The history of the Sex Pistols in the 1970s is the history of the U.K in the 1970s, this is what Savage conveys, Punk grew in fertile soil. The word most used in this book is NIHILISM. Nihilism is a philosophical position which argues that that the world and espiecally human existence is without objective meaning, purpose or comprehensible truth or essential value. The nihilism of punk was a reaction to the idealism of the hippies who had preceded them and to many proved frightening, but while the life of Sid Vicious showed one obvious consequence of nihilism, Savage manages to convey the less obvious flip side: only by negating what has gone before can one create afresh. The concequence of the Sex Pistols was that in this country, musically, things were never the same again.
on 7 July 2012
This book is a comprehensive account of the birth and slow death of 'punk' - whatever that means. To many, it means either bands of Sham 69-style Rottenalike bawlers and sneerers, or mohicaned tourist magnets in Central London. To Jon Savage, punk means primarily the early dynamic, revolutionary style and music of the Sex Pistols and their fellow travellers, during their brief flowering.
This is a weighty book, physically (c. 600 pages) and textually. Savage isn't a writer who knowingly under-intellectuallises his subject, and this book treats the subject with high seriousness. That it still emerges as a pacy and exciting read is tribute to Savage's passion and stylish writing.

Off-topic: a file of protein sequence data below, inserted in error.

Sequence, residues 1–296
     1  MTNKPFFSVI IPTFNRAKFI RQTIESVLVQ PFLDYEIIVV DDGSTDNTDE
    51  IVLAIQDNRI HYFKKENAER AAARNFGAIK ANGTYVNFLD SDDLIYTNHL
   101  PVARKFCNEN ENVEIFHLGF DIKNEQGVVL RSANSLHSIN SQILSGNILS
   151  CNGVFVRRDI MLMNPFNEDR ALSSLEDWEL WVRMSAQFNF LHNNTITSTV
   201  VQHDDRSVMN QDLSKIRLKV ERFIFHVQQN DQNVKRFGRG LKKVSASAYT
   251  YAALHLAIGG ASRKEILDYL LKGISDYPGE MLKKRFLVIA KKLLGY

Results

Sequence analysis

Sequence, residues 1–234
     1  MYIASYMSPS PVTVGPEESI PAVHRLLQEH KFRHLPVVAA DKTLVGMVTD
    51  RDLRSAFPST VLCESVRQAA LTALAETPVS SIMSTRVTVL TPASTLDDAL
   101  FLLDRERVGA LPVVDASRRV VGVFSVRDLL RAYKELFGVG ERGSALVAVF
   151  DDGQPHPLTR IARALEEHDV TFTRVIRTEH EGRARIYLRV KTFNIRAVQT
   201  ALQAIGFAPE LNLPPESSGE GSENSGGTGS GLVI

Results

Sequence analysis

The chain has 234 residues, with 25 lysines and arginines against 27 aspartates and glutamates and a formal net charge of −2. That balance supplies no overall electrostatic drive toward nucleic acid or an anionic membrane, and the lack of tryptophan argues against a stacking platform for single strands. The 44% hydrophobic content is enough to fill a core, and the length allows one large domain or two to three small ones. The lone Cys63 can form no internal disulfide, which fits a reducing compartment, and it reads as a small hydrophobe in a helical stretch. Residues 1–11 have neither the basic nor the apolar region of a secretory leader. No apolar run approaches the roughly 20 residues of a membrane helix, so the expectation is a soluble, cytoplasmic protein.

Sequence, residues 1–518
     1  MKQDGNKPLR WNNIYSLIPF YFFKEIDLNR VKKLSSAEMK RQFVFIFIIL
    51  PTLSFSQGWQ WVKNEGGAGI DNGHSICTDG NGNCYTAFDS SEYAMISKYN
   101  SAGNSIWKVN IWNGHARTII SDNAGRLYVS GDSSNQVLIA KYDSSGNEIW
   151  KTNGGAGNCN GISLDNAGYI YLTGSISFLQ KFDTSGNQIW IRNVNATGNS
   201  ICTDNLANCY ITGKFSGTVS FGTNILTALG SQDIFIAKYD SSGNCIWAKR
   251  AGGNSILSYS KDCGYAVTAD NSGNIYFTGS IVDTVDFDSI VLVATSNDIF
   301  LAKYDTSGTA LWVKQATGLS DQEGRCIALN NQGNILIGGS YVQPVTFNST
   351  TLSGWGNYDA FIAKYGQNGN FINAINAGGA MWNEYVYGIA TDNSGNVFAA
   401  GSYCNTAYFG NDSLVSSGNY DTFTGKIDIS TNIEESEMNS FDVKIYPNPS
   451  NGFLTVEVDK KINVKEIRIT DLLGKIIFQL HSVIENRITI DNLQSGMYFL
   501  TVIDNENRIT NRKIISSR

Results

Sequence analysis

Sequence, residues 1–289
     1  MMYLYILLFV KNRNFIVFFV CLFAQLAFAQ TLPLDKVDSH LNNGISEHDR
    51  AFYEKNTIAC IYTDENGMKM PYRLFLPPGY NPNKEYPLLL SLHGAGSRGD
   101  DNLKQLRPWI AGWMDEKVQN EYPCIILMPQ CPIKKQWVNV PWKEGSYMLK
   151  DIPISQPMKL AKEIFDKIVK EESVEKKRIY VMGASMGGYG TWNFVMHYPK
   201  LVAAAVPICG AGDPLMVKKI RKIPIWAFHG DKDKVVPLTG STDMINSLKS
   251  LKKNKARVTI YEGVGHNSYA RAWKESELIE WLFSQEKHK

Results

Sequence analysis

The book charts the antecedants of punk, in the music of the early 1970s, and in the association of Malcolm Maclaren and Vivienne Westwood, punk's strange parents. It describes the rapid rise to fame of the Sex Pistols and the rise of the British punk rock movement, and its messy and depressing fall into cliche and exploitation.
Savage's take seem to be that 'punk' can be split into two eras - the imaginative early fashion movement centred round the Pistols, from formation in 1975 to nationwide fame in 1977. During this period, punk attracted rebels and mavericks, and encouraged individualism and creativity. The early Pistols sound fantastic - sheer speed-fuelled outrage with a gleeful glint in its eyes. This changed midway through 1977, with a series of physical attacks on the Pistols (which meant they became more reclusive), their banning from most venues in the UK (which increasingly meant they couldnt play live), a fallout in the band between Glen Matlock and the rest of the Pistols (which meant the band lost their most musically creative member and gained Sid Vicious, a creative vacuum), and the rising popularity of punk, which demanded a rigid formulaic approach which was the antithesis of the energetic early years.
This book is really an elegy for those heady early times, and charts the later years diligently but with sadness. Savage clearly loves his subject very much, and was there at the time. This shows - this book is extremely vivid, and includes a series of jotted comptempory accounts of the early punk gigs that Savage attended. It is the definitive book on this subject.
on 29 May 2011